Kingsman: The Golden Circle Review

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Matt Donato

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Rating:
3
On September 18, 2017
Last modified:September 18, 2017

Summary:

Vaughn sticks to what he knows with his Kingsman sequel but rarely ups the ante, making this a fun-enough entry into an already-too-familiar franchise.

In terms of mouthy James Bond stand-ins, Taron Egerton‘s “Eggsy” alter ego has earned his blockbuster appeal. A cocky-but-cool espionage wunderkind who won our hearts by skewering Samuel L. Jackson in Kingsman: The Secret Service and charms once again in Matthew Vaughn’s drug-agenda sequel, Kingsman: The Golden Circle. Same Eggsy, same megalomaniac evildoer holding the world hostage, same frantic-yet-smooth action – no, like, it’s the same film to an eerie extent. This is why, as a vocal fan of The Secret Service, The Golden Circle feels a bit rehashed in execution. It’s still one hell of an action film, only we have a constant comparison point that’s always greater than the sum of Vaughn’s raucously violent follow-up. Even with the slew of good-natured jabs at honky-tonkin’ American culture.

Since the events of Eggsy’s (Taron Egerton) rookie mission, life has progressed as it should have. He’s become the “Galahad” Harry Hart (Colin Firth) would have praised, and the boyfriend Princess Tilde (Hanna Alström) dreamed of. Then tragedy strikes – the Kingsman are wiped out by rogue missiles that leave no survivors except Eggsy and Merlin (Mark Strong). With no options left, the two English agents activate a procedural doomsday plan in the form of a whisky bottle. “Statesman” it reads, which, long story short, leads to America’s branch of secret security under the control of “Champ” (Jeff Bridges). Eggsy works with his new pals to uncover a drug dealer’s plot to hold the world ransom with tainted narcotics (Poppy, played by Julianne Moore), using Statesman resources to take down the savvy businesswoman with the help of friends new and old.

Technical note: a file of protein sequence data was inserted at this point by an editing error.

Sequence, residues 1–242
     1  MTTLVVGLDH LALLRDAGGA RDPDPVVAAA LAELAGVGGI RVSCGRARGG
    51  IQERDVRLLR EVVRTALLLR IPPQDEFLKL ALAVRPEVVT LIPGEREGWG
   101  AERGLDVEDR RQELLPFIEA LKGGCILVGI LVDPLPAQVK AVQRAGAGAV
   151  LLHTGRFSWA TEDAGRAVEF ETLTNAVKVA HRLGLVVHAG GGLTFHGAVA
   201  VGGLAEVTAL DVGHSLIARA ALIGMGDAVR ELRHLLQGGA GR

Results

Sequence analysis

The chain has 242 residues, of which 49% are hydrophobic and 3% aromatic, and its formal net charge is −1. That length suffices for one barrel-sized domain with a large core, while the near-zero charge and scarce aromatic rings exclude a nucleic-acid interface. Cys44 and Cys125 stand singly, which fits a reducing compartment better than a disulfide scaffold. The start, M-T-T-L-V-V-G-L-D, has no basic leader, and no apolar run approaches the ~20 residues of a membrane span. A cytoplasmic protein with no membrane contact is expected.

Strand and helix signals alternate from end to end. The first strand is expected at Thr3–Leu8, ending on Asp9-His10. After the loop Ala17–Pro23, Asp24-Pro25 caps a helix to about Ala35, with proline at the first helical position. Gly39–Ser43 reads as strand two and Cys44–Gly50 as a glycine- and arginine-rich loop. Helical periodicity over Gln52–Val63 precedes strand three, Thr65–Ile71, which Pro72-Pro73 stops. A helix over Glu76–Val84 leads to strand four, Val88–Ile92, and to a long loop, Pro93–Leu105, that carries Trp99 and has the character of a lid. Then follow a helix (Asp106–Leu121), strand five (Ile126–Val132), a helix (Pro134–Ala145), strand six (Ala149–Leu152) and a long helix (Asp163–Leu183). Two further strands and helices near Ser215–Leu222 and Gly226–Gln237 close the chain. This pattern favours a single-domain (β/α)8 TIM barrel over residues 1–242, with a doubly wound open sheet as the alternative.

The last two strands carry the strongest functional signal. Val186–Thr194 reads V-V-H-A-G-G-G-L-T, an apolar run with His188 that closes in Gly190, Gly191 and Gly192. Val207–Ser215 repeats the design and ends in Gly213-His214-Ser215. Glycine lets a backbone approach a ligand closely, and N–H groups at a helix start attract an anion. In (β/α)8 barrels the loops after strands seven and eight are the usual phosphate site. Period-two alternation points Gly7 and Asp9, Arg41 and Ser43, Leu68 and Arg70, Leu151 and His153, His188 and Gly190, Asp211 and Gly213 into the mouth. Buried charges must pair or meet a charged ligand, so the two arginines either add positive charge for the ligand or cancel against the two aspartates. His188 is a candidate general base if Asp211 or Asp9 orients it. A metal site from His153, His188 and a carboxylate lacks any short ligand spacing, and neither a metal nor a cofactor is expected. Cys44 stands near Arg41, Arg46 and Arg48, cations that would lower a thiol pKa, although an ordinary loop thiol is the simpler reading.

By introducing The Statesman – a red, white, and blue answer to Eggsy’s debonair special forces – Vaughn is able to play the same introductory beats from a new perspective. Instead of a tailor shop, the Statesman operative underneath a massive whisky distillery in Kentucky. The secret door? A massive wooden cask. Their attire? “Booted up” instead of “suited up.” Weapons? Baseball bats and lassos. Statesman ranks are literal gunslingers in response to the more reserved Kingsman, and by golly are they a fun group to be around. Any reason to squeeze Channing Tatum into a Canadian tuxedo has my vote. You can keep the Kingsman – I’ll be slingin’ up shots of firewater and sniffin’ cigars with these good-old secret agents.

It’s just unfortunate that everything feels so familiar; lazy, some people may remark. Every action sequence aims to be the next “Freebird Church Brawl,” but never lives up to hype. Vaughn’s lens tracks tumbling characters as they’re thrown over diner counters or into meat grinders, replicating the same kinetic choreography that we once fell in love with – but never upping the game. Characters, motivations, all of it.